Again, people today don't simply want to work for a paycheck; they want to know that they're making a difference. Dentistry offers a wonderful opportunity to improve the quality of life for patients.
4. Keep training.
Every team member should be improving in their work every year, and this can only happen through training. As a leader, you must evaluate every team member regarding the next skill that needs to be either added or improved.
Ask yourself what type of training (i.e., seminar, webinar, book, adviser, etc.) each team member needs. Helping each team member to improve every year will create more loyalty, commitment, and excellent relationships. Again, you will increase staff longevity and be attractive to new staff members considering a position in your practice.
Don't be fooled into thinking that because you're the one doing the hiring, you have the upper hand. In the face of today's staff shortages, it's the applicant who is deciding on you more than you are deciding on the applicant.
5. Have fun.
The dental practice is no longer simply a place of work for the staff. It is also an extension of their personal lives. Dental staff members, like many employees today, view the workplace as pleasant or unpleasant, and, during the pandemic, we saw many staff members resigning their positions without other jobs simply because they did not enjoy the practice they were in.
This has never happened before, so we need to ask ourselves what is missing. The answer is fun. As I like to say in seminars, "Bring back the fun." Having fun in the office creates better work, better focus, and a strong desire to do well and support colleagues and coworkers. People want to go to work and have a good time, not go to work to be stressed out, not appreciated, or have conflict with coworkers.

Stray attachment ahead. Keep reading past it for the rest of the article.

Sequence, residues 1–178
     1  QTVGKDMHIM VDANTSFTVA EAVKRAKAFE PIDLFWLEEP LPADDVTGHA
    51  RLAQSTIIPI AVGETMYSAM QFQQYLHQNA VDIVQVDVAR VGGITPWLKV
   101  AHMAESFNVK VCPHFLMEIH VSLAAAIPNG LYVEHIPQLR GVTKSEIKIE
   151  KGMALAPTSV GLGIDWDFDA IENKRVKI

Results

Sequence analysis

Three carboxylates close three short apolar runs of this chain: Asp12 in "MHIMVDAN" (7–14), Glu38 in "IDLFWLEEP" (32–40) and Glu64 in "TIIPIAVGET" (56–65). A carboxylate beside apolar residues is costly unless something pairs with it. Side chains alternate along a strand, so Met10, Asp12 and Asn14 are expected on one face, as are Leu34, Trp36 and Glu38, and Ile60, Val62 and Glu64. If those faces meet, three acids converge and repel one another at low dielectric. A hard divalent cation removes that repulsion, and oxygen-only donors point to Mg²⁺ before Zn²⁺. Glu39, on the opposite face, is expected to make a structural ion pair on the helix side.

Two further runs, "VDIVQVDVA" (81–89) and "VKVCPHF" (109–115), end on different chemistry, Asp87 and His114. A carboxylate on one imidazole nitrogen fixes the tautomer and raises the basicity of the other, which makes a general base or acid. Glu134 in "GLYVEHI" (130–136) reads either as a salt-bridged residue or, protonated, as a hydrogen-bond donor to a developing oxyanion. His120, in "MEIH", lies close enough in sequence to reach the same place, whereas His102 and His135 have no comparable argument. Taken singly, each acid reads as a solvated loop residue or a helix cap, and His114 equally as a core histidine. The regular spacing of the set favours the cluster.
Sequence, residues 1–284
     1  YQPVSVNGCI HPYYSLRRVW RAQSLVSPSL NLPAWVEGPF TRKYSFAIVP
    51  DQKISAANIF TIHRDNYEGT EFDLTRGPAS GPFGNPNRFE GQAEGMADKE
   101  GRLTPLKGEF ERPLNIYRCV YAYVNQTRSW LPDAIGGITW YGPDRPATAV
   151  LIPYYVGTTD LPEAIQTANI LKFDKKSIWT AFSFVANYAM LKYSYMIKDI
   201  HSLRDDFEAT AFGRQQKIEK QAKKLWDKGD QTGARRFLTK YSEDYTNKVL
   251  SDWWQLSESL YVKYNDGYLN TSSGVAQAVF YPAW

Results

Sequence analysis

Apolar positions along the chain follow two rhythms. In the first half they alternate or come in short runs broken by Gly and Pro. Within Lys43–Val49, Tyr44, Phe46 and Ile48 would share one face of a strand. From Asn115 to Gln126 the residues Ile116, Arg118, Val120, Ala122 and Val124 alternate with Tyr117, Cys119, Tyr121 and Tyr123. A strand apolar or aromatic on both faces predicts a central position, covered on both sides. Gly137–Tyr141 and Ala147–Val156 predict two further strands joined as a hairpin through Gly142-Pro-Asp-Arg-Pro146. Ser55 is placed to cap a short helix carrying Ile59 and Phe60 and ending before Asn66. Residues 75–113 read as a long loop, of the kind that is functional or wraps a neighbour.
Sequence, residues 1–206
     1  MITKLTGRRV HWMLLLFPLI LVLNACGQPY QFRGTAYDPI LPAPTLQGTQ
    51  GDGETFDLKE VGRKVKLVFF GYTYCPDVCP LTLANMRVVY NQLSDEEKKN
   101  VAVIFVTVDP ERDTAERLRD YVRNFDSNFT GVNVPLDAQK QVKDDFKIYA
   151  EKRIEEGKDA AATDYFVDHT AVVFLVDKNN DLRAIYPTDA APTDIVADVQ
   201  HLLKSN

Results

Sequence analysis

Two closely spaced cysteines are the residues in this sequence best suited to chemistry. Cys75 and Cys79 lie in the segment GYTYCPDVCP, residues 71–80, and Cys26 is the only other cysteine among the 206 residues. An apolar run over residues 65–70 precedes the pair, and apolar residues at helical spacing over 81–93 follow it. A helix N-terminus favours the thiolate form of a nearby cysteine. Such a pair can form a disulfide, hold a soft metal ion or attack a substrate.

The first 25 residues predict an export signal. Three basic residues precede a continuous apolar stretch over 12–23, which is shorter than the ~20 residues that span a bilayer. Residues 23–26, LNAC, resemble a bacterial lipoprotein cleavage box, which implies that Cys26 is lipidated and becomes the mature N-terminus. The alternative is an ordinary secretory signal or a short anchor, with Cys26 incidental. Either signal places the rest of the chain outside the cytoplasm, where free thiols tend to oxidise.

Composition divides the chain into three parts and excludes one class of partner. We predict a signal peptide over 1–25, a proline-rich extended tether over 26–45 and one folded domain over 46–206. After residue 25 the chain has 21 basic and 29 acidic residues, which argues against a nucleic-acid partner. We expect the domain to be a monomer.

So how can you create fun in your offices? One practice we know regularly brings in lunch for the team, pays for the first round of drinks at happy hour, gives half-day off awards for exceptional performance, and even periodically hands out $100 bills as a thank you for a job well done. Think about it like this: Every day, the practice leader has an opportunity to appreciate and recognize team members for the great job they are doing.
The leadership model is changing, and those who don't change along with it will face greater staffing challenges than those who do. We recently met a practice that had a long-term staff but lost five team members in two years. While we cannot say with certainty what happened in this case, we believe that not moving toward the new leadership model and understanding what team members really care about leaves a practice vulnerable to staffing issues. You can move forward on these five leadership principles starting today because they are easy, effortless, and enjoyable.
Dr. Roger P. Levin is CEO of Levin Group, a leading practice management and marketing consulting firm. To contact him or to join the 40,000 dental professionals who receive his Practice Production Tip of the Day, visit LevinGroup.com or email email@example.com.